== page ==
While U.S. EPA is poised to issue a series of federal regulations related to PFAS and impacts to the environment, it is the states that are taking the lead on regulating the presence of Per- and polyfluoroalkyl substances (PFAS) in consumer products. Such regulations are forcing manufacturers to reach back into their supply chains to verify their products do not contain PFAS. The breadth of the state regulations related to PFAS in consumer products shows that the focus on exposures to such chemicals is not just limited environmental exposures.

Personal Injury Claims Related to PFAS Exposure

The wave of state regulations related to the present of PFAS in consumer products is occurring as personal injury cases related to PFAS exposure from consumer products it is still only at the early stages. The trail blazing litigation related to PFAS is the multi-district litigation (MDL) in federal court in South Carolina involving fire-fighting foam that contains PFAS (aqueous film-forming foams or AFFF). Some 2,500 cases have been consolidated into this MDL.

The early stages of this litigation were focused on PFAS in drinking water as a result of releases of AFFF. In 2023, the drinking water cases resulted in very large proposed settlements. 3M reached a tentative settlement to pay approximately $12.5 billion, and DuPont de Nemours, Inc., Chemours Company, and Corteva, Inc. (“DuPont”) reached a tentative settlement of approximately $1.2 billion. The settlement monies will be earmarked to cover testing and remediation costs related to PFAS in drinking water.

The focus of the MDL is now shifting to personal injury claims. In December 2023, attorneys representing allegedly injured individuals and manufacturers of AFFF agreed that 25 individuals comprise the pool of initial personal injury claims to be brought to trial. These so-called personal injury bellwethers will be the first personal injury cases in the AFFF to move forward.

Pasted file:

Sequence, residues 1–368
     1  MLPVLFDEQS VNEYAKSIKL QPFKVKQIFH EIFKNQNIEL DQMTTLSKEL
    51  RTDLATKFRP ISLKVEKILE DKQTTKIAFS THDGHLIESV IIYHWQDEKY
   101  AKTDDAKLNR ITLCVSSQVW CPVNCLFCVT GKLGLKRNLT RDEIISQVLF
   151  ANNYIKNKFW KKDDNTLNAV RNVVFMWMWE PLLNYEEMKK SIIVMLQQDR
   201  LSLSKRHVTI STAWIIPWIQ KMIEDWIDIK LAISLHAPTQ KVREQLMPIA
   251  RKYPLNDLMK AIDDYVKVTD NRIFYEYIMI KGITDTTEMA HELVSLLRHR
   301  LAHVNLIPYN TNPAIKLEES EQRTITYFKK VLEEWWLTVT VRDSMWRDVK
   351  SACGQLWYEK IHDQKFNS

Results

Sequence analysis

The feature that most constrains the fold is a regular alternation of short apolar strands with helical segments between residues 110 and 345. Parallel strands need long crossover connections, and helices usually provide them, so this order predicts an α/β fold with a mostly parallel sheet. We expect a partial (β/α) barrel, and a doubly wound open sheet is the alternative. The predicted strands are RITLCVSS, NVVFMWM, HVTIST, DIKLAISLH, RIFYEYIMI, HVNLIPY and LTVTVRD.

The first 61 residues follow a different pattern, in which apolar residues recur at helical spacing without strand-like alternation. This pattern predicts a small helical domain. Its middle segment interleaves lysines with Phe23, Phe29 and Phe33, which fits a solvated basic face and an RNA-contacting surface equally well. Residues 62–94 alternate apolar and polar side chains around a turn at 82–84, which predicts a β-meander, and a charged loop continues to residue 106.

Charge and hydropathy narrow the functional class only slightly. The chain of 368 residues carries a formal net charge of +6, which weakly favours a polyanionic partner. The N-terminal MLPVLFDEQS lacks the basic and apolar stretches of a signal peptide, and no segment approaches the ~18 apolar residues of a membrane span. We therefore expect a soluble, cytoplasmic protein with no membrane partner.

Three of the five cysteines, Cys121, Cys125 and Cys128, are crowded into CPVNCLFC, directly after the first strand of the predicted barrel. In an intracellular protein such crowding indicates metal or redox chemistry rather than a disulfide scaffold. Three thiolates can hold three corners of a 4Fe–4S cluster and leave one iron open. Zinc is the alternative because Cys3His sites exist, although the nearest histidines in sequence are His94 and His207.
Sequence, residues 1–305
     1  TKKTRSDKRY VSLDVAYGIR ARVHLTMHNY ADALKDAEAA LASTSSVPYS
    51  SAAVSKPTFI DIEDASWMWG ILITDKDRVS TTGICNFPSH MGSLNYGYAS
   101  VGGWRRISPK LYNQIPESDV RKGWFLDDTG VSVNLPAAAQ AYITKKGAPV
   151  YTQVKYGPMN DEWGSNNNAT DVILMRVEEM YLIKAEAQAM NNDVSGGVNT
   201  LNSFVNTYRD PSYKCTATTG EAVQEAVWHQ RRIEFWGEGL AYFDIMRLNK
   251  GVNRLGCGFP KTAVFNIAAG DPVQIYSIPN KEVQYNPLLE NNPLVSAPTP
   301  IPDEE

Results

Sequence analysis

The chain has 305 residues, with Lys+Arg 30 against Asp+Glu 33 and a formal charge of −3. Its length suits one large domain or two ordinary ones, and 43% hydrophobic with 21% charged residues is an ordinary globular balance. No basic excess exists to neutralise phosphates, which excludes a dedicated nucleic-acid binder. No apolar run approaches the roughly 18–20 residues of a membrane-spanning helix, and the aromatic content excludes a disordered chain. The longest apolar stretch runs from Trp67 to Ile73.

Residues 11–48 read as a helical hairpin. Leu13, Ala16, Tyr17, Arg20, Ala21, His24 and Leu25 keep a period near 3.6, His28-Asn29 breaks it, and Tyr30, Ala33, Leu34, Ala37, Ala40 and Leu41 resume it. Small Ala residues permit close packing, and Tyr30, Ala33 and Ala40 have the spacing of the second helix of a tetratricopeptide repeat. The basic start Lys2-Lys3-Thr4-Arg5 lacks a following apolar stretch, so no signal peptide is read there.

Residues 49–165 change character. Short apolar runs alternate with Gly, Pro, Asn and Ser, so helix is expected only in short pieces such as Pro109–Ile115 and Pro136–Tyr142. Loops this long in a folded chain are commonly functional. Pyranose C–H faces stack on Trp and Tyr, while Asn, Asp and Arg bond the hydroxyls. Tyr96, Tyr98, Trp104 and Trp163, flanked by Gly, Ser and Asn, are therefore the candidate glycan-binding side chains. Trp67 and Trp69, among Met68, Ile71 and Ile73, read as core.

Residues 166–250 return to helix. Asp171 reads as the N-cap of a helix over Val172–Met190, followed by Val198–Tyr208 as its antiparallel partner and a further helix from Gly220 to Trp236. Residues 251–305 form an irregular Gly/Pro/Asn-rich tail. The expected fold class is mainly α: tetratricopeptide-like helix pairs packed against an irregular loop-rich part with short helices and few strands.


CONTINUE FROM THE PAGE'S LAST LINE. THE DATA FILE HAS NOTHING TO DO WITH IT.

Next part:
One of the biggest hurdles to personal injury claims related to PFAS exposure has been establishing a causal link between exposure to PFAS and personal injury. If the AFFF bellwether cases successfully establish this link, this could unleash a wave of litigation related to consumer products that contain PFAS, such as cosmetics, textiles, cookware and other consumer goods.

Types of Consumer Laws Regulating PFAS

Generally, the states that have adopted consumer product regulations have enacted laws that fall in to the following major categories:

  • Banning “Intentionally Added” PFAS in Consumer Products.
  • Reporting or Notification Requirements for Products that Contain PFAS.

For laws that ban “intentionally added” PFAS, states are requiring manufacturers to certify that their products do not contain intentionally added PFAS. This certification can often take the form of a “certificate of compliance” that must be maintained by the manufacturer. Other laws require manufacturers to report to the state if their products contain PFAS or place warning labels on the product and/or website that the product contains PFAS.

Which States have Adopted Consumer Product Laws Related to PFAS?

The chart below provides a high-level summary of states that have passed consumer product laws related to PFAS. What is striking is the number of states which have adopted consumer product laws related to PFAS and the variety of those laws.

CaliforniaSee summary below
ColoradoBan on PFAS in food packaging, carpets, fabric treatments, indoor textile furnishings and outdoor furniture.
ConnecticutBans food packaging to which PFAS has been intentionally added.
HawaiiBans food packaging to which PFAS has been intentionally added.
MaineComplete ban on any products containing intentionally added PFAS. Manufacturers are required to report the presence of intentionally added PFAS to the State.
MarylandProhibits manufacturing or distribution of any food packaging, rugs, or carpets with intentionally added PFAS.
Minnesota Requires reporting of consumer products with intentionally added PFAS. Bans food packaging to which PFAS has been intentionally added. Bans a number of consumer products with intentionally added PFAS, including: carpets, fabric treatments, textile furnishings, cookware, cosmetics, dental floss, children’s products and others.
New YorkBans food packaging to which PFAS has been intentionally added. Bans the sale of apparel with intentionally added PFAS.
OregonBans food packaging to which PFAS has been intentionally added.
Rhode IslandBans food packaging to which PFAS has been intentionally added.
Washington StateToxic Pollution Law provides the State Department of Ecology with authority to issue administrative orders to manufacturers about chemicals designated as a “priority” and their presence in products.
VermontBans the manufacture, sale, and distribution of any food package, rugs, carpets, stain treatments for rugs and carpets and ski wax and related tuning products to which PFAS have been intentionally added and are present in any amount.